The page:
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HARRY HAS HIS OWN WAYS
Myron Cope
October 07, 1968
Raucous, fun-loving St. Louis broadcaster Harry Caray, whose loud cry, 'Ho-lee cow!' thrills millions of Series listeners—and drives other millions up the wall—peels when it is hot, shags foul balls with his net and calls himself the last of the nonconformists
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October 07, 1968

Harry Has His Own Ways

Raucous, fun-loving St. Louis broadcaster Harry Caray, whose loud cry, 'Ho-lee cow!' thrills millions of Series listeners—and drives other millions up the wall—peels when it is hot, shags foul balls with his net and calls himself the last of the nonconformists

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"You're staying right here," Busch commanded. With that, he threw his arm around Caray and growled, "You son of a bitch. Are you afraid I'm going to fire you? Hell, if you'd have given me any other answer to that question about Lane, you would have been fired."

In retrospect Caray suspects—and Busch confirms the suspicion—that Busch knew of his admiration for Lane and deliberately had been putting his veracity to a test. "You see," says Caray, "everybody's got the idea that you gotta be a yes-man to Gussie Busch. Hell, he's the most democratic bastard in the world."

Certainly Caray stood in need of the democratic tycoon's goodwill when, four years later, the brewery hierarchy sat down to what one of them—a man named Curt Lohr—has described as the Court Martial of Harry Caray. The prelude to this crisis sounded when Caray popped up before his Sports Digest mike and read an editorial from a Lexington, Ky. newspaper condemning the St. Louis Hawks basketball club and the Boston Celtics for a lackluster exhibition they had played in Lexington. "The gist of it was that you saw more action in a University of Kentucky practice session than in an NBA game," Caray says. In almost less time than it takes to say "I'll have a Bud," the long tentacles of the advertising industry had Caray by the throat.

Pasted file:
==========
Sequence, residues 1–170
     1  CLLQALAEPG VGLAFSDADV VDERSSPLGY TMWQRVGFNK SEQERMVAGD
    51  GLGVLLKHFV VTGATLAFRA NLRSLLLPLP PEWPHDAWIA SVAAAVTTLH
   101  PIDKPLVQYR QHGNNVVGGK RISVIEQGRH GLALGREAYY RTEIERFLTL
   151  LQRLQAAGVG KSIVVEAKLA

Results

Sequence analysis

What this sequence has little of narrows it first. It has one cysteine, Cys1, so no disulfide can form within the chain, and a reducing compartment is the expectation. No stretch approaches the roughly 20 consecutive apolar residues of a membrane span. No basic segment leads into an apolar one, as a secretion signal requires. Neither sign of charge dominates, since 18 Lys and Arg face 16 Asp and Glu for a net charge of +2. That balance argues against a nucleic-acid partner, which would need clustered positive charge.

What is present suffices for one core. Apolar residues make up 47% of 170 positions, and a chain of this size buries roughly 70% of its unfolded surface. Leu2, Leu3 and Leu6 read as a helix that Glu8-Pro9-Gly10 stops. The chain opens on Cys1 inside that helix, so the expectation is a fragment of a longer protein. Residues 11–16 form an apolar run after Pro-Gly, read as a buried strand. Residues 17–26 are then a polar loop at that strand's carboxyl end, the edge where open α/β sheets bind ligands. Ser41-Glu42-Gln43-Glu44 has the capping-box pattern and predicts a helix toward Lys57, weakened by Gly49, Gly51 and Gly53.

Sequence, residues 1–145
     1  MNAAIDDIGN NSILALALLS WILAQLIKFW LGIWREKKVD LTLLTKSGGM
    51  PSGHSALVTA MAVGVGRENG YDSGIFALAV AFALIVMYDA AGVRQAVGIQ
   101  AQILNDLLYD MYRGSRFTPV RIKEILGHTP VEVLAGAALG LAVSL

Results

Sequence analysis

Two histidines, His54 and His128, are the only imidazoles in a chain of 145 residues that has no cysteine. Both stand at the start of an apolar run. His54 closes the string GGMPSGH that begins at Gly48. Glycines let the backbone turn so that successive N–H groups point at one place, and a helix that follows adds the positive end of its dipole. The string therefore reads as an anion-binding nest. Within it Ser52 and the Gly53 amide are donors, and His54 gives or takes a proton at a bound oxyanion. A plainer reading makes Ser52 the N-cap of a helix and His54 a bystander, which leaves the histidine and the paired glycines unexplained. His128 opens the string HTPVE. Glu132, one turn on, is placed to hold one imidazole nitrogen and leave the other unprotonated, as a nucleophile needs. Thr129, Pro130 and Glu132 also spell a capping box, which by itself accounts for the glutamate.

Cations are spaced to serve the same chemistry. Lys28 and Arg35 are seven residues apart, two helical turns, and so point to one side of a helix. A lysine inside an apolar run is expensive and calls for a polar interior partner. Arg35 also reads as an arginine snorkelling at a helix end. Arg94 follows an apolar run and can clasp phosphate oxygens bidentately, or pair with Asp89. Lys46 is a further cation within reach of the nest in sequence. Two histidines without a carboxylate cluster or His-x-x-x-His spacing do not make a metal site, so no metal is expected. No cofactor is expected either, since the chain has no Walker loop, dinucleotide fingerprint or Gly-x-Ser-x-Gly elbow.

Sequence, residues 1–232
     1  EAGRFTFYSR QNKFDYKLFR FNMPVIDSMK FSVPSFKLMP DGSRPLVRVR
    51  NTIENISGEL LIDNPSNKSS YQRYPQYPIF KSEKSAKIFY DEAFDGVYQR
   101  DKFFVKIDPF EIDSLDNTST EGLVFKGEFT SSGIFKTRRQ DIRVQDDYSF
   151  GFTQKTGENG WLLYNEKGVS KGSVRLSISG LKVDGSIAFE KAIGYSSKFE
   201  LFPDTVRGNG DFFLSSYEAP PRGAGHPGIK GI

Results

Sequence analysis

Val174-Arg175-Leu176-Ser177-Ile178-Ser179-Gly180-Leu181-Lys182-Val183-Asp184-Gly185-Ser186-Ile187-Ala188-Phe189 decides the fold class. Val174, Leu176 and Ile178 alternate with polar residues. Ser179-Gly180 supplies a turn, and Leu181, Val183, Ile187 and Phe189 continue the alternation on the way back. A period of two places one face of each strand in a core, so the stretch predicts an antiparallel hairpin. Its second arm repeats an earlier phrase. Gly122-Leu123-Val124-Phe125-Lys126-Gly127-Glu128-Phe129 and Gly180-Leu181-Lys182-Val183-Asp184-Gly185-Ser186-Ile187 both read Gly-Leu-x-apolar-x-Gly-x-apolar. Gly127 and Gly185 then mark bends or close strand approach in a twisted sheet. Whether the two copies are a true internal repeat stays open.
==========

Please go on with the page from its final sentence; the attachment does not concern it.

Gardner Advertising of St. Louis, you see, had just come off a hard sell to Hawks club owner Ben Kerner, persuading him to switch Hawks broadcasts from Falstaff to Busch beer. Caray's Sports Digest also was sponsored by Busch. So Kerner bearded the Gardner boys in their lair and said in effect, "First you tell me how much you love me and in the next breath you're letting that guy blast my property." Gardner raced into conference with Anheuser-Busch executives, then fired off a telegram to Caray informing him that he was suspended indefinitely from the air.

Caray at once suspected a plot to rid the airwaves of him once and for all. "I think it was a squeeze play," he says. Kerner, he believes, was trying to pave the way for his friend Buddy Blattner to seize Caray's chair in the Cardinal broadcasting booth. "And the agency felt that I'm hard to control." For four months Caray remained suspended while broadcasting people, a species that by instinct can spot a vulture 20 yards and beat it to a dying body, buzzed excitedly that Caray was a goner.

Finally, the Gardner admen called for a meeting to settle his fate. Busch presided, surrounded by his big guns in advertising, P.R. and beer sales. Through the room ran the sentiment that life would be simpler if Caray's contract were terminated. But then, as Busch patiently heard each man in turn, he at last got to Curt Lohr. Lohr, a stocky, fair-skinned man who at the time headed the brewery's sales in the St. Louis area, spoke his piece bluntly.

"All Caray did," he said, "was read an editorial that was printed in a newspaper that already had been read wherever it was circulated. What this boils down to is a personality clash. A good company does not deal in personalities."

Now Busch himself spoke. "Has everybody had his say?" he asked. "O.K., then pack up your briefcases and get the hell out of here. You've taken up enough of my time. If you think I'm gonna fire the greatest broadcaster in baseball just because you people can't get along with him, you're crazy."

Actually, with each passing crisis, Caray has seemed to grow stronger. He wound up, ironically, doing telecasts of Ben Kerner's Hawks games, while his eldest son, Skip Caray, did the Hawks' radio broadcasts. Busch gives Caray absolute freedom of speech, although Busch points out that "I can go crazy when he gives it that 'Ho-lee cow, it's going out of here!' and then it's a foul ball." In recent years both insiders and the general public have come to suspect that Caray is a power behind the Cardinal throne—a voice in Busch's ear telling him which Cardinals to value and which to get rid of. Cardinal Public Relations Director Bob Harlan recalls that when he spoke at a smoker in a southern Illinois town, a fan in the audience asked him if it was Caray who persuaded the club to trade Ray Sadecki to San Francisco for Orlando Cepeda. "Nobody laughed, either," says Harlan.

"Caray plays cards with Gussie, doesn't he?" notes a St. Louis sports-writer pointedly. Caray not only does, Busch agrees with a wry smile, but vehemently accuses him of cheating.

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